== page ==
18:00. There are good reasons to use JS and not just for website design but for other channels, such as APIs. Future is augmented reality and voice search channels so think about data management systems. Simon explains what he means using an example from HSBC who produce a lot of content and are able to share it between divisions and countries using a database. This is a way of governing information. HSBC produce more content than all UK newspapers put together daily. Themeforest.com have plenty of JS sites. People are pushing websites that have little crawlability which frustrates me as normal people wouldn’t know about the downside of it for SEO and visibility online. Simon worked on a music site. He said it probably took longer to rebuild from JavaScript than what would have been if done from scratch to make it search friendly. People don’t think about SEO but how it’s looking rather than if it’s accessible and crawlable.

23:55. Simon took part in Jason Barnard’s UX & HTML5 webinar. He touched on the basics of it, explaining that if you write HTML5 and structure it correctly you have semantically correct content that crawlers can read. You can also use multiple H1s (header 1) but in reality for SEO it’s best just to have one and then multiple H2s. He gives an example and a list of articles that can all be a H1 for the articles as it’s a summary of the article but the argument for that is it means that the list has a title and so that title should be the only H1. Simon, from both a web dev point of view and SEO, knows the middle ground and this is his recommendation.

26:35. Google is forgiving with invalid HTML. Not finishing tags off correctly are still rendered correctly because it assumes that that is what is should be even though it was ‘forgotten’. Semantically correct content crawls better but at the same time there is no positive gain from it from Google in terms of rankings or visibility, which Simon believes it should as he produces quality content!

27:30. If you don’t write AMP perfectly then it doesn’t validate. Invalid AMP simply wouldn’t rank or appear in results, hence the validation tool. This suggests there are two different standards that Simon questions. Also, Simon wants Google to take note of valid HTML and appreciate the sites that can be bothered to do that because valid HTML also means valid accessibility. JAWS browser or reading assisting technology means we’re more conscious of this as it’s for audio and visual impairment. Here are the W3C Accessibility Standards. In the UK there are over 12 million people registered as disabled, so all of whom can buy your products. An accessible site should be more easily crawled and the biggest blind user are bots. Although this was in the past as now they render, so it’s not necessarily crawling it.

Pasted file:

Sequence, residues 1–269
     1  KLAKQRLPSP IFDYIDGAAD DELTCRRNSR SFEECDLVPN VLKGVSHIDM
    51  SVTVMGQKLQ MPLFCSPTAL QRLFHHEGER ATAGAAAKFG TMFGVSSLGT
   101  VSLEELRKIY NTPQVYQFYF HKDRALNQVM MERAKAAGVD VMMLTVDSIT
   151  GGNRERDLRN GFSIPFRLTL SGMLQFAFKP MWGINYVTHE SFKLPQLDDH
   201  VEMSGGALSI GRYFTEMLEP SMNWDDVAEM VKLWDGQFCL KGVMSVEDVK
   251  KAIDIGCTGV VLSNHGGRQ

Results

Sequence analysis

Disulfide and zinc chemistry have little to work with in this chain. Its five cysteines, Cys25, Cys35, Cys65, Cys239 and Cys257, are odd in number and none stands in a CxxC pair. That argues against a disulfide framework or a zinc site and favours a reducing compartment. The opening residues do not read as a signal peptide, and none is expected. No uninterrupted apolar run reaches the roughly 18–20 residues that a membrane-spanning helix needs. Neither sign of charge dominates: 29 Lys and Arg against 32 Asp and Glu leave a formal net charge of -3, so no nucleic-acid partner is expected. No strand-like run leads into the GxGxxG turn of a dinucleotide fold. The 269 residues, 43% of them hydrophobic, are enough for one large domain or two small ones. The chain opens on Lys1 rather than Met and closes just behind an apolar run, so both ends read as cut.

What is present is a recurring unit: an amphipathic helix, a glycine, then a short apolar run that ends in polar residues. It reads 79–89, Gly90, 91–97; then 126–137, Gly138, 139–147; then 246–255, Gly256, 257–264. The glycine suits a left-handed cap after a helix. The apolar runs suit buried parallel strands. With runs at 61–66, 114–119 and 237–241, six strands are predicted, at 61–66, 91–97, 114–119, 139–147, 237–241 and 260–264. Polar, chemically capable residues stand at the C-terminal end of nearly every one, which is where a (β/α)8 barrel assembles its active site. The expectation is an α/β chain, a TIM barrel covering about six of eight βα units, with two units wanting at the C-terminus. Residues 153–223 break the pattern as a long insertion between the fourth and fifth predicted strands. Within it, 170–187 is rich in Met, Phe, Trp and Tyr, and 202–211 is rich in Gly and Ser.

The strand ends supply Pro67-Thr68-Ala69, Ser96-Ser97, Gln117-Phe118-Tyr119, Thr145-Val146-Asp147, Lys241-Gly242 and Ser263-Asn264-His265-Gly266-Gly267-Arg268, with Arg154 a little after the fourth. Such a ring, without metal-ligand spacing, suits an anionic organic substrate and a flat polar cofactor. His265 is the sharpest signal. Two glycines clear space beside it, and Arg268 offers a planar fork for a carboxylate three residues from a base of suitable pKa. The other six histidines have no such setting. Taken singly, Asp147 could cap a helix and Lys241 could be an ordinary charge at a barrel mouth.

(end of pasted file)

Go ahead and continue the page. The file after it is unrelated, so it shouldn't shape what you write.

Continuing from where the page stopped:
31 mins. Do you think there are so many websites, Google allows for mistakes? Simon says no.

Google renders sites using Chrome 47 (42/5?) so it’s OK because they can see it without crawling necessarily. Companies can pay web developers to focus on something more exciting rather than accessibility perhaps.

33:40. To conclude. Google has things they need to work on, especially when it comes to GDPR and improving the user journey for those sites that geo-block. Also, HTML is still leading the way. Accessibility is important, and we’d like to see more kudos for getting coding right.

Final thoughts from Simon. He says it’s not difficult. Some of the best resources for website development and coding for online is A List Apart blog. There is also a book Designing with Web Standards 2001 which I myself will go and read!

Thanks for reading and listening.

Music credit: I Dunno (Grapes of Wrath Mix) by spinningmerkaba (c) copyright 2017 Licensed under a Creative Commons Attribution (3.0) license. http://dig.ccmixter.org/files/jlbrock44/56346 Ft: Jlang, 4nsic, grapes.